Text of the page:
There was also a book called All The King’s Men, by Nigel McCrery that came out in the early Nineties and detailed the true fate of the Sandringham company, formed from volunteers working on King George V’s estate in Norfolk. As part of the Norfolk Regiment they were dispatched to Gallipoli to fight the Turks. They were sent into battle and never returned. Contemporary eye witness reports claimed a cloud descended onto the battlefield and when it lifted the men were gone. After the war, it turned out that the eye witness reports were wrong; wrong day, wrong direction and the truth was much more tragic. The survivors of the Sandringham Company had been captured and executed by the Turks, their bodies dumped in a mass grave. But rather than let the unpalatable truth get out, the King and Queen decided that perhaps it was for the best that the mystery be allowed to remain and the myth to stand. So the Sandringham Company joined other World War One myths like the Angel of Mons; where the vision of an angel in the sky was supposed to have rallied the retreating British Expeditionary Force, and the Phantom Bowman – actually a short story by Arthur Machen, about the ghosts of Agincourt archers leading Tommies into battle, which was told and retold so often that the origin of the story was lost and it became real in the minds of many. Surely one more myth, like the disappearance of the Pennine Fusiliers, would be in good company.

Lochnagar Crater, La Boiselle

The creation of the Harcourt Crater, too, was also forged in the heart of a real event.

Prior to the battle of the Somme, the British had spent some time digging deep tunnels under the German stronghold on Hawthorn Ridge and filling them with sixty thousand pounds of explosives. At 7.28am on the morning of the June 1st 1916, the mine was blown. Earth was thrown almost four thousand feet into the sky and the resultant crater was ninety feet deep and three hundred feet across. To that date, it was the loudest human-made noise in history and the explosion was heard in London. Named after the trench where the mine had begun, the Lochnagar Crater has been preserved as a memorial and can be visited in France, today. Unfortunately, even that wasn’t big enough for me, so I drew further inspiration from Meteor Crater, near Flagstaff, Arizona.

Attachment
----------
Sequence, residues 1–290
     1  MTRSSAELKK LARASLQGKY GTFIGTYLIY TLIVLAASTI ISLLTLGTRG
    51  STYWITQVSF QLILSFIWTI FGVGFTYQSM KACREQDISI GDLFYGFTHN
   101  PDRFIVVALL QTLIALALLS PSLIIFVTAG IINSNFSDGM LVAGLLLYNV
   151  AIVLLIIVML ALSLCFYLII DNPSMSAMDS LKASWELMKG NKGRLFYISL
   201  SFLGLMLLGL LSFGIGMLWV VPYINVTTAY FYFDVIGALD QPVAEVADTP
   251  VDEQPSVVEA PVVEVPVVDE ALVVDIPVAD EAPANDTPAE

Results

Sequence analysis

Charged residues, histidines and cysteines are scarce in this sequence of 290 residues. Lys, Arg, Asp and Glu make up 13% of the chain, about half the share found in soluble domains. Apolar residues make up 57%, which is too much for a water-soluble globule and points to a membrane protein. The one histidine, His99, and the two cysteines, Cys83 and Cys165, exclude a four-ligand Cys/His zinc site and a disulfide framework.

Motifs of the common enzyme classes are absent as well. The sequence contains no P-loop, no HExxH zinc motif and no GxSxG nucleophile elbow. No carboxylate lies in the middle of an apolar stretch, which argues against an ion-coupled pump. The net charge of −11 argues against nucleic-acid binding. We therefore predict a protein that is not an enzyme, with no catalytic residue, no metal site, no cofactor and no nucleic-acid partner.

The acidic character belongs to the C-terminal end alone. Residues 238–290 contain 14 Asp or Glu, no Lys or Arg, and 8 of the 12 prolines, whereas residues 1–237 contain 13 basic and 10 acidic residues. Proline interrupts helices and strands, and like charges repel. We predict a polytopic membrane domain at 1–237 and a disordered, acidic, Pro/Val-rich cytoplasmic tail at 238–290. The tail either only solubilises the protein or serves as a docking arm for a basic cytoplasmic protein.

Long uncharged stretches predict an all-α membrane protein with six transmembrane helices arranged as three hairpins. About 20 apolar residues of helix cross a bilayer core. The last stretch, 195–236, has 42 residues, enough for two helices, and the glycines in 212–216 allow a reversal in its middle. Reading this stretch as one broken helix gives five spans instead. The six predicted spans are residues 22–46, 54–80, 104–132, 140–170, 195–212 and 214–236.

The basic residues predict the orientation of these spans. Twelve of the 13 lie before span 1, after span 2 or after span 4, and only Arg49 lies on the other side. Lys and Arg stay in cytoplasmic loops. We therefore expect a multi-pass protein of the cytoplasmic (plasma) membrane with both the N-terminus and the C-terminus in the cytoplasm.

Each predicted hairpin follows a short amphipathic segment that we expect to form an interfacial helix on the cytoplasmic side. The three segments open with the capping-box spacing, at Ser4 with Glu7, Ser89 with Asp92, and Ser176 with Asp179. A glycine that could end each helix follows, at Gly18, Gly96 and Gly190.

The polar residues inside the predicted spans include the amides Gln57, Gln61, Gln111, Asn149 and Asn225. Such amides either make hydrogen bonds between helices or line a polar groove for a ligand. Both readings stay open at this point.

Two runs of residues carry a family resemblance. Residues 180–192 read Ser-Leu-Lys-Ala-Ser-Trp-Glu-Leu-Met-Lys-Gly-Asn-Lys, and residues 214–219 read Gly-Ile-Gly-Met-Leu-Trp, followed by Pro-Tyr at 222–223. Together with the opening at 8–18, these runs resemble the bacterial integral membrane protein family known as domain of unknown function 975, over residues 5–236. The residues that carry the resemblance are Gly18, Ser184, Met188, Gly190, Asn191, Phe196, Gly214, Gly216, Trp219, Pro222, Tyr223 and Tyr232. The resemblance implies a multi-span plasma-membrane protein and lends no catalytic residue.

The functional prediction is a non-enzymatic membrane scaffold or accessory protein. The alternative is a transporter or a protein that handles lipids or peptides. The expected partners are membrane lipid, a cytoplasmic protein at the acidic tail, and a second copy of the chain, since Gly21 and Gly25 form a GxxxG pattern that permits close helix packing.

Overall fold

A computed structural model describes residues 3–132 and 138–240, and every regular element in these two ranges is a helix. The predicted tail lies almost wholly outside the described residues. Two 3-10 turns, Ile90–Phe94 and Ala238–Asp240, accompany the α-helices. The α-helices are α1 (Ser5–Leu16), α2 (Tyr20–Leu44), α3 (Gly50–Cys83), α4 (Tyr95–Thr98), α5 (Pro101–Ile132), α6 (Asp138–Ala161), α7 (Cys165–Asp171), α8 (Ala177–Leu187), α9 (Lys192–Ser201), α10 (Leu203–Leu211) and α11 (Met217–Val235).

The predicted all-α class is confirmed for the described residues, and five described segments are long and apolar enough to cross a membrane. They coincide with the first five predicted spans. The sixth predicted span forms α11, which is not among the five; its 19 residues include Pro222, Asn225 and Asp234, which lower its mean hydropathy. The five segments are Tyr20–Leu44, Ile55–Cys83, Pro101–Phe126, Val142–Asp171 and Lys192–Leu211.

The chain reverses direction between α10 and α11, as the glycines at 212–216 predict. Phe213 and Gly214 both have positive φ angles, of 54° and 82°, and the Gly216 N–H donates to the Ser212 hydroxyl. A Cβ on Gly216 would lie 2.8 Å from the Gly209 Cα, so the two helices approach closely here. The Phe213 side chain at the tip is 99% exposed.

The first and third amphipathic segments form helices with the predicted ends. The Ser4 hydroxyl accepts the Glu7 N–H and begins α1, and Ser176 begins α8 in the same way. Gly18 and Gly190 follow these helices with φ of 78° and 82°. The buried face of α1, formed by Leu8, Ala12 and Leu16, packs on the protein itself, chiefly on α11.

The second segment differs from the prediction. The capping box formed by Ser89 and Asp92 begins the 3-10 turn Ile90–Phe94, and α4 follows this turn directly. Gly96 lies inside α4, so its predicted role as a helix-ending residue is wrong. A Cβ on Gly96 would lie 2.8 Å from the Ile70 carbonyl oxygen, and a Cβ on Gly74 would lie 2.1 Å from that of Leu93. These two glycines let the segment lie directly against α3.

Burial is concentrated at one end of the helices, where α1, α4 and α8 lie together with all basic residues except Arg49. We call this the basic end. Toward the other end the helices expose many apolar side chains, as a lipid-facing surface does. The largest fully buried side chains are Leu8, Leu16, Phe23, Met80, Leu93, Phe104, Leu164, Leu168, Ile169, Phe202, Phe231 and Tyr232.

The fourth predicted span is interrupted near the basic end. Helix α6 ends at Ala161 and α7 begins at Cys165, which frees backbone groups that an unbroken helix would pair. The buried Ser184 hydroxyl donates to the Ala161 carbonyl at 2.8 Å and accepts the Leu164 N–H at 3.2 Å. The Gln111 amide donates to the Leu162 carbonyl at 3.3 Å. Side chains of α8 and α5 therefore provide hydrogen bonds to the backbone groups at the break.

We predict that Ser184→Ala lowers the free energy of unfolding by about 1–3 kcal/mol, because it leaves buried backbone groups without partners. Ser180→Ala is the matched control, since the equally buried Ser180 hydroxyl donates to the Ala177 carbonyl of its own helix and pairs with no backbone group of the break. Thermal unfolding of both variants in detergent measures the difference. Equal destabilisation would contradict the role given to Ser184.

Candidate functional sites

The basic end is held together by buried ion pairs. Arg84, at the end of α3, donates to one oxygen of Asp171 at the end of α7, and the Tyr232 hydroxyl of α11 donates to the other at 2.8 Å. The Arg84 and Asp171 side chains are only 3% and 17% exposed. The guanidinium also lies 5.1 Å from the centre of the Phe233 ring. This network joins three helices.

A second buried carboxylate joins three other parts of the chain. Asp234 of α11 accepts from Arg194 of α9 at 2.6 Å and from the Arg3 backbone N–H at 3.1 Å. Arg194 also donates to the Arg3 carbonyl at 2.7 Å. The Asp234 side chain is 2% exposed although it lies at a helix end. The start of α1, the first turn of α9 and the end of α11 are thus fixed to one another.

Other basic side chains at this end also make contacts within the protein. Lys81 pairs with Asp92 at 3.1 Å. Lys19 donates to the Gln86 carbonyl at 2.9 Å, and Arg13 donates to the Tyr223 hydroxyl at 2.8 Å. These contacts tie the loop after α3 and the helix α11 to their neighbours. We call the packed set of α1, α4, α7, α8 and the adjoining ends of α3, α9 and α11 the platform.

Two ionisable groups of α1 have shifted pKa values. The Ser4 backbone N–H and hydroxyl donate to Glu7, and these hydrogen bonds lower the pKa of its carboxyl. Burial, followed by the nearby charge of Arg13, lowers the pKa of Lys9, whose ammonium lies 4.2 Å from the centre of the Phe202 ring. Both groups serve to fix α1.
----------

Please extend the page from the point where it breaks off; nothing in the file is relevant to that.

Here Comes the Science Bit...

Having decided to use the First World War as a setting, it seemed not only natural but necessary to reference the Scientific Romances of the time, rather than contemporary science fiction, for inspiration. H.G. Wells was the first port of call, along with Arthur Conan Doyle, Edgar Rice Burroughs and Edwin P Arnold, if not in specifics, then certainly in spirit. Then you can throw the net wider to include Rudyard Kipling, Joseph Conrad, W Somerset Maugham, Edward Bulwer Lytton, William Hope Hodgson and to a lesser extent, Jules Verne among others.

The sense of wonder they engendered was irresistible, depicting as they did a time when the world was still full of mystery and harboured dark corners beyond the reach of the sun that was slowly setting on the British Empire.

And don’t worry, the War poets leave their mark on the novels, too. Each chapter title of the books is a phrase or line from a war poem or song of the time. I like to see them as some kind of perverse Easter egg for anyone who, like me, had to study them at school. ; )

Thanks Pat!  Everyone else  - look out for 'The Ironclad Prophecy' in July, read 'Black Hand Gang' in the meantime :o)

1 comment:

lcfcgary said...

No Man's World was an interesting work; well-researched, and with enough of a back-story to allow the characters to develop over the course of more books. I look forward to the follow-up